NOAA Teacher at Sea
Onboard NOAA Ship Ronald H. Brown
December 5, 2004 – January 7, 2005
Mission: Climate Prediction for the Americas
Geographical Area: Chilean Coast
Date: December 9, 2004
Location: Latitude 19°39.99’ S, Longitude 80°16.85’ W
Time: 8:30 am
Weather Data from the Bridge
Wind Direction (degrees) 138.27
Relative Humidity (percent) 84.01
Temperature (Celsius) 18.65
Air Pressure (Millibars) 1014.24
Wind Speed (knots) 12.00
Wind Speed (meters/sec) 5.10
Thought for the Day
“No man who has once heartily and wholly laughed can not be altogether irreclaimably bad.”
Thomas Carlyle (1795-1881) Scottish writer
This morning we are passing over a significant underwater ridge called the Nazca Ridge. The ridge is a series of mountains rising from the ocean floor. Yesterday, the ocean bottom was 5,000 meters down. This morning it was just 960 meters deep. We dropped CTD’s over this shallow area and we had to be very careful not to let them hit the bottom. When I was operating the radio for the CTD commands to the winch, I accidentally said “Bring it up at 600 meters per minute” (It was supposed to be 60 meters per minute). Thankfully, that speed is an impossible one for the winch to do! Because it would have shot out of the water like an Olympic sprinter!
Congratulations to Mary Castleman, an eighth grader at Southside Middle School in Batesville, Arkansas! She correctly answered the “Question of the Day”. Mary said, “A muster station is a place where people get together before going to a lifeboat loading station.” Thanks, Mary, for your extra effort!
At “6:00 Science on the Fantail” tonight, we interviewed Paul Bouchard, the senior engineering assistant for Woods Hole Oceanographic Institution. Paul is a hard worker with a good sense of humor. His job is to prepare, maintain, and repair all the various units of instrumentation on the Stratus 5 mooring so the scientists can analyze the data retrieved. Paul explained all the instruments mounted atop the buoy. There are instruments that measure temperature, relative humidity, precipitation, air pressure, short and long wave radiation, wind speed and direction, Also, there are several units that extend underneath the buoy for a few hundred meters that record temperature, conductivity, depth, and water current. These instruments take readings every minute and send the data via satellite every hour. The Stratus 5 mooring is the most sophisticated array of instrumentation for the collection air-sea interaction data in the world! Another amazing fact is that there’s five miles of rope and chains connecting the buoy to the anchor at the bottom of the ocean floor. Paul said that all the instruments are battery powered. Three thousand “D” cell batteries are used to keep it going for over a year! The buoy has a “bleeper” on it to alert ships so they won’t run into it. The Stratus 5 will be deployed in three days! It’ll be a big moment. For the last year, lots of hard work, problem-solving, dreams and money have gone into the Stratus 5 and soon it will finally be a reality.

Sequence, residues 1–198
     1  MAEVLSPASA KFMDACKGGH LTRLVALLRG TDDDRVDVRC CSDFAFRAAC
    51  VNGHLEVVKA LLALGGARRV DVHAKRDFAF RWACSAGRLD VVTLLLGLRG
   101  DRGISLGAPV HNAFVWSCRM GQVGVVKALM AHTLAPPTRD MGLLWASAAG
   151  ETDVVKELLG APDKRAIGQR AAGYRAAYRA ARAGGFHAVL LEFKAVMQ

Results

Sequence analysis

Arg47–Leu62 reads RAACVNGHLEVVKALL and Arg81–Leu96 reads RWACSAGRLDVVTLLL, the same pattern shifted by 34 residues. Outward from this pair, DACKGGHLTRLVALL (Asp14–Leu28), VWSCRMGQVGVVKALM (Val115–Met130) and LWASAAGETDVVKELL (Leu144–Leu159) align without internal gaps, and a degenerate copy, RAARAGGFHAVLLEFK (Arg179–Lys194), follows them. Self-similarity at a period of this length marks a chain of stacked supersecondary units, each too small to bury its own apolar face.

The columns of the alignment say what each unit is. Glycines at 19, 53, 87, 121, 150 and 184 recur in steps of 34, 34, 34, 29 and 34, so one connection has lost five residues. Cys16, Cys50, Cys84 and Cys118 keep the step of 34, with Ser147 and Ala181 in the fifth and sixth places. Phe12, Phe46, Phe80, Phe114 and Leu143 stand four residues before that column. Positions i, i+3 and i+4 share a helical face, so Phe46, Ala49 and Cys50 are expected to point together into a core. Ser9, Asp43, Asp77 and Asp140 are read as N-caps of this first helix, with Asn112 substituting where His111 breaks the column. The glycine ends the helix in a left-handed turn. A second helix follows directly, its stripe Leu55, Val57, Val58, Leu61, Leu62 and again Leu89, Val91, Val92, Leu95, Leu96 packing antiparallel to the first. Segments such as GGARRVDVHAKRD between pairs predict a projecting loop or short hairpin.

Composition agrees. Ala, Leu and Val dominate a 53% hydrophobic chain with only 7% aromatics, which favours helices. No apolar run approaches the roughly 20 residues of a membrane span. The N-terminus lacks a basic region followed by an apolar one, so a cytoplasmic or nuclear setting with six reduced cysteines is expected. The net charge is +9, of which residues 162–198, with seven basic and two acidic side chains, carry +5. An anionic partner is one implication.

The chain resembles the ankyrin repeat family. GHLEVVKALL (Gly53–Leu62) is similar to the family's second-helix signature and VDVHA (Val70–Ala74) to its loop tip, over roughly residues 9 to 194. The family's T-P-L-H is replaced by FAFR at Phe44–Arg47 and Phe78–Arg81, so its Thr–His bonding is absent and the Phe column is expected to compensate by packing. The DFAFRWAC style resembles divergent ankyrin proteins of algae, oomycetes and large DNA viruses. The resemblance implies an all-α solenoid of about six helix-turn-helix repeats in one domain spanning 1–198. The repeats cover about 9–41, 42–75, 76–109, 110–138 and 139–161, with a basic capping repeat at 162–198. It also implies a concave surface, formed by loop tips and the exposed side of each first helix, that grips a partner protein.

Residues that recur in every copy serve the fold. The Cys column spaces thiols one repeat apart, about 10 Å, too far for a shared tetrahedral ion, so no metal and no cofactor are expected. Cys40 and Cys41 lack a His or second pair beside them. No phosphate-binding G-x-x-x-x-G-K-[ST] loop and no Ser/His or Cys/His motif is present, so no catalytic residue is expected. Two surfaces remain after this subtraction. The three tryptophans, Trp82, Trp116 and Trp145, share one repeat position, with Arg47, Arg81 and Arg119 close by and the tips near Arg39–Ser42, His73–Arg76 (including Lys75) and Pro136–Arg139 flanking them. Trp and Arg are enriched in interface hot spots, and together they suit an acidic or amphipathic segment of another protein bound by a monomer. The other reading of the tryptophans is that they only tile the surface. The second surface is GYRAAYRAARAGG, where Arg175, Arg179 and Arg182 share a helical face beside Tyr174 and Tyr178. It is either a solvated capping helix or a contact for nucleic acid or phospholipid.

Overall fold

This afternoon, I had to find the laundry room because well, I didn’t have any clean clothes left to wear for tomorrow. So I ventured into the bowels of the ship in search of the laundry room. It’s five decks from my stateroom. That’s a lot of stairs to climb up and down. Actually I need the exercise. Anyway, while my clothes were washing, I ran back upstairs to help Frank Bradley do the 2:00 radiosonde launch. With that completed, I then ran back down the stairs to put the clothes in the dryer. Then, I walked back up to the main lab and answered a few emails. After about 20 minutes, (you know the drill) I went back down to fold my clothes then carried them up five flights to my room. So I sat down on my bed to rest for just a minute and woke up an hour later!
After interviewing Paul, Diane and I decided we wanted our picture taken on the most sophisticated mooring instrument in the world. So we climbed around on it and had an impromptu photo session.
I’d like to say that I’m enjoying all the emails from students, friends, and family. You make me smile. I’m happy that you’re interested enough to send me a message. And too, it makes me feel connected even though I’m way out here in Pacific. So keep ‘em coming!